Hobbs succeeds Benton as Trend CEO
SAN JOSE, CALIF. — Computer enclosure maker Trend Technologies Inc. named William B.R. Hobbs president and chief executive officer, effective Aug. 3.
As CEO, he succeeds Stuart Benton, who took the position on a short-term basis following an ownership change in March 1997, Benton said in a July 30 telephone interview. Benton remains board chairman of San Jose-based Trend.
As president, Hobbs succeeds Joseph Jahn, who resigned July 24 to pursue other interests. Jahn was also chief operating officer.
Hobbs, 48, held senior executive positions with wire-and-cable maker Bridon plc from 1986-97, most recently as COO and a director. He had responsibility for 43 businesses in 21 countries and was instrumental in the strategy and implementation leading to Bridon's sale last year to FKI plc of Halifax, England. Hobbs is relocating to the San Jose area from Shavertown, Pa.
Benton said Trend is on the verge of acquiring metal stamper and computer enclosure maker Ballymount Precision Engineering Ltd. of Dublin, Ireland. Ballymount employs 300, has sales of about $30 million and will become Trend's first operation outside the United States.
Trend employs 1,500, excluding Ballymount, and had 1997 sales of about $120 million. It projects 1998 sales of $250 million.
Utah Medical buys neonatal product lines
MIDVALE, UTAH—In a bid to turn around a disappointing 1997, Utah Medical Products Inc., has purchased several neonatal tubing, catheter and disposable blood filtration lines from C.R. Bard Inc.
Midvale-based Utah Medical said July 30 it purchased the assets of Gesco International Inc. and Bard Access Systems Inc. Terms were not disclosed.
UM officials could not be reached, but a spokesman for Bard of Murray Hill, N.J., said the sale does not include any plants. UM said the immediate financial benefits ``will come from more effective use of its existing manufacturing overhead resources.''
The purchase is UM's first since its former chairman, Perry Lane, resigned March 30 and blasted UM for failed product lines and sales that fell from $38.6 million in 1996 to $24.2 million in 1997. UM said Lane's letter amounted to sour grapes.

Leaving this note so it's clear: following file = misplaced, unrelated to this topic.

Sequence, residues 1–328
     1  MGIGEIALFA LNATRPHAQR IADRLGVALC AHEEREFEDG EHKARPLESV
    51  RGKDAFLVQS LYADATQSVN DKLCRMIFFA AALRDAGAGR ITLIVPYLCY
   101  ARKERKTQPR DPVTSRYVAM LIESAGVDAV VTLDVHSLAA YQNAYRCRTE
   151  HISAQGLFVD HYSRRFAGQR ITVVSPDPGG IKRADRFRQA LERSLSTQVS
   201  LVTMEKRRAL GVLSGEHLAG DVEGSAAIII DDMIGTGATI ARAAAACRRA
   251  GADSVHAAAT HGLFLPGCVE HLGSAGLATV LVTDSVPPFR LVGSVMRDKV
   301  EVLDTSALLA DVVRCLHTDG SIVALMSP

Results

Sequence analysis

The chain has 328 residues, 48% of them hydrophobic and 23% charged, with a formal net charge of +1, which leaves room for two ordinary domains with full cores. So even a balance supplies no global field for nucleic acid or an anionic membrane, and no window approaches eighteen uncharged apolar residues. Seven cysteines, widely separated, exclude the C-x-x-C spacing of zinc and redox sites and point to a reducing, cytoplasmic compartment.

UM said its sales and profit for the first half of 1998 rose 28 percent and 18 percent, respectively, compared with 1997. The company attributed much of that to its mid-1997 acquisition of Columbia Medical Inc. in Redmond, Ore.
UM said the products it purchased treat critically ill babies, and include a urinary drainage system, lumbar puncture supplies and a disposable peritoneal dialysis system.
A Bard spokesman said the neonatal equipment was a small product line in a business area that Bard is deemphasizing. He declined to say what sales the company had from them.
Utah Medical also said the deal includes an unspecified ``continuing incentive'' for Bard to help UM be successful with the product line.
Encore enters medical with Bye purchase
SANDUSKY, OHIO — Encore Plastics Corp. expanded into medical products by acquiring Jonathan Bye Industries Inc. of Byesville, Ohio.
Jonathan Bye injection molds and assembles razors and other medical and surgical products. The company has annual sales of $1.5 million, estimated Encore Vice President Tim Rathbun. It also does custom molding. Encore injection molds and thermoforms pails and painting accessories at its Sandusky headquarters plant. Rathbun said Encore's sales are about $3.5 million a year.
Jonathan Bye offers international marketing opportunities, especially in Central and South America, and Encore plans to exploit them, Rathbun said in an interview. It was owned by Medical Service Corp. International, a global humanitarian and medical administration organization based in Arlington, Va. Encore has retained Medical Service Senior Vice President Cynthia Turner as a sales consultant to help Encore tap Jonathan Bye's international distribution channels.
Rathbun said Encore plans to expand the Byesville plant by installing a 350-ton press and two 500-ton presses there. The facility now has 10 presses. Jonathan Bye has been a subcontractor for Encore for about eight years, he said.
Turner said Medical Service decided to focus on its international activities because of the increasingly competitive market in disposables. Medical Service bought Jonathan Bye in 1981.